The deepest part of the Boobera Lagoon is bottomless and that is where the kurrea lives. An enormous serpentine creature, it is incapable of moving on dry land. When a kurrea wants to travel, it tears up the ground on the banks of the lagoon, excavating channels along which it can swim. The many shallow channels around the lagoon are evidence of the kurrea’s movements.

Anyone who dared fish, swim, or paddle in the Boobera Lagoon would immediately be attacked and devoured by the kurrea. This hostile behavior could cause serious shortages, as the lagoon had large flocks of waterfowl and schools of fish.

Once a man called Toolalla, of the Barwon River, decided to rid his people of the kurrea. He was a skilled hunter and, armed with his sharpest and strongest weapons, he stood on the bank of the lagoon. Before long the kurrea had noticed him and swam towards him. But despite all his preparations, Toolalla discovered that even his best weapons could not even injure the kurrea.

Toolalla made the wise decision to flee for his life. The kurrea followed him, gouging out a channel at high speed and rapidly gaining on his prey. Toolalla managed to climb up a tall bumble tree where the snake could not reach him. The bumble tree is also the kurrea’s mother-in-law, and the only thing it fears. Eventually, frustrated and disappointed, the kurrea returned to the Boobera Lagoon, where it continued to be a threat to all who trespassed on its domain.

Today the kurrea is harder to see. Its descendants are the gowarke, the giant, black-feathered, red-legged emus of the Baiame swamps.

References

Buchler, I. R. and Maddock, K. (eds.) (1978) The Rainbow Serpent: A Chromatic Piece. Mouton Publishers, The Hague.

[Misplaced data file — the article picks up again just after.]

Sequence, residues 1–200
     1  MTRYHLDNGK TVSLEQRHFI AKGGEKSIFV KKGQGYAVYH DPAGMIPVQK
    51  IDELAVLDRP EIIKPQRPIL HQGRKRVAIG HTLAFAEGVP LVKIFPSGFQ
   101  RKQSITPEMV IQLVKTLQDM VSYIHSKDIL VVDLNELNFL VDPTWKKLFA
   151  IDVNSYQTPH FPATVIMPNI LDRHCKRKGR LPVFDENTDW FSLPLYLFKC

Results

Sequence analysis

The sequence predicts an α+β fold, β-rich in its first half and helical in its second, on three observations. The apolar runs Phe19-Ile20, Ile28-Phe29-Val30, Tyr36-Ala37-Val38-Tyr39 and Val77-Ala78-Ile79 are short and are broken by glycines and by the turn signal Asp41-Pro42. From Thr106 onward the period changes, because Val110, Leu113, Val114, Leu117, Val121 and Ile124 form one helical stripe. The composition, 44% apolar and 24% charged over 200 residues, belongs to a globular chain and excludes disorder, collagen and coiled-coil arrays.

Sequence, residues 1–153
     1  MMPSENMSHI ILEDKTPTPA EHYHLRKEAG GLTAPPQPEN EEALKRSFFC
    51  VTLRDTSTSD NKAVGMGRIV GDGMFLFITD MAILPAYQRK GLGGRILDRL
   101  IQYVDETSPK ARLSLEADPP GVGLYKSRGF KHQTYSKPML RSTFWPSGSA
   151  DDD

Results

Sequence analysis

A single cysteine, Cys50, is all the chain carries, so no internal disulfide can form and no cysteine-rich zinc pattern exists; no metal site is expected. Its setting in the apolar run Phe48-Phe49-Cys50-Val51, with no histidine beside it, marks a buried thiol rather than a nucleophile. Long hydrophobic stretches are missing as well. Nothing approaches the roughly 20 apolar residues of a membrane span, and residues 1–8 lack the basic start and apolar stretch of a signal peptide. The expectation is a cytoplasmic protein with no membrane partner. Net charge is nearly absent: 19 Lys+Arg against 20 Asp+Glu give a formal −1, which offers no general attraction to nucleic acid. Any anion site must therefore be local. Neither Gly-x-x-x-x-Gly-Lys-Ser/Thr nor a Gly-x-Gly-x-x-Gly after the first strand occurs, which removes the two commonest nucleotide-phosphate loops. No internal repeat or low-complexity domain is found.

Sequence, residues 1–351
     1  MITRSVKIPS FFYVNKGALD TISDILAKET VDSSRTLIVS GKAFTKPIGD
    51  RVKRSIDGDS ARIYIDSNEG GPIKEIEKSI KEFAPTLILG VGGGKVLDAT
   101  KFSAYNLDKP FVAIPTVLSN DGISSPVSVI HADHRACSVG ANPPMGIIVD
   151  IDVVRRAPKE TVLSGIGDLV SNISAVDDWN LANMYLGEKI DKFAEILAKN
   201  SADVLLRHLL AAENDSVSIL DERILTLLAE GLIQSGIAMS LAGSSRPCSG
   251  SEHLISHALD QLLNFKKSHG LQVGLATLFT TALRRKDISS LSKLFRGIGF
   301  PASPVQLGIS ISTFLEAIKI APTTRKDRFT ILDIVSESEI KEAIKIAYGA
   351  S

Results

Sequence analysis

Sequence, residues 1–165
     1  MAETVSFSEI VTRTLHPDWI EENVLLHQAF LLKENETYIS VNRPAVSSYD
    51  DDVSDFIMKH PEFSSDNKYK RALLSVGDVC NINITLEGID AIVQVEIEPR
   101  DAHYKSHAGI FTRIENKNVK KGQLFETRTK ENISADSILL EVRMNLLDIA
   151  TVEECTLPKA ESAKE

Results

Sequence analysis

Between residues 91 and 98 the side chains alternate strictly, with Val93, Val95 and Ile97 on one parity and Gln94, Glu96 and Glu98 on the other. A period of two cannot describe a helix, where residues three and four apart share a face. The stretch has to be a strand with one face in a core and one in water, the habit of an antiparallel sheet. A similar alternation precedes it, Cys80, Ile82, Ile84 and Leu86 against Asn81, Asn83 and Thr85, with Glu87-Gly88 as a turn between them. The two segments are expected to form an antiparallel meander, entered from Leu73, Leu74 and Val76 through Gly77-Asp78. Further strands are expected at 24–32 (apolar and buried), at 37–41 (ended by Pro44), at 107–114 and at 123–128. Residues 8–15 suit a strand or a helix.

Mathews, R. H. (1907) Notes on the Aborigines of New South Wales. William Appleworth Gullick, Sydney.

Reed, A. W. (1982) Aboriginal Myths, Legends, and Fables. Reed, Wellington.

Vatnaormur

Variations: Water Serpent, Lake Serpent; Lagarfljotsormurinn, Lagarfljot Worm; Lyngorm, Slug

The lakes of Iceland are home to a wide variety of Vatnaormar, “water serpents”. These serve as the Icelandic equivalent of lindorms, water-horses, and other malignant freshwater monsters.

Most famous of these is the Lagarfljot serpent. This creature originated in a farm in the Herad, near Lagarfljot Lake. A woman gave her daughter a golden ring, and suggested she put it under a lyngorm – a slug, literally “heath snake”. In a few days the snake was so big it was bursting through the linen-box where the ring was kept. The terrified girl tossed box, snake, and ring into the Lagarfljot.

With the passing of years the snake grew big enough to prey on people and livestock. It would also spew venom onto the land. In the end it met its match in either Bishop Gudmundur Arason, two Lapp sorcerers, or a magically-empowered poet. Regardless of who it was, they were brought in to kill the serpent, but found the creature too powerful to kill. So instead it was bound, with a rope tied around its neck and another around its tail. The beast now lies bound at the bottom of Lagarfljot for all time; occasionally it arches its back over the water, and that is an ill omen. It has been sighted multiple times in 1479, 1555, 1594, 1749-1750 and 1819, appearing as a great snake with humps or spikes on its back, or a monstrous horse. Sometimes it stretches itself onto the riverbanks while spewing massive amounts of poison. It is referred to in a 1590 geographical map of Iceland, with the ominous text “A huge monster has its lair in this lake, constituting a danger to the inhabitants and appearing ahead of significant events”.

The serpent that grows along with the treasure it guards is a recurring motif, first appearing in the saga of Ragnar Lodbrok where the serpent eventually has to be slain by the titular hero.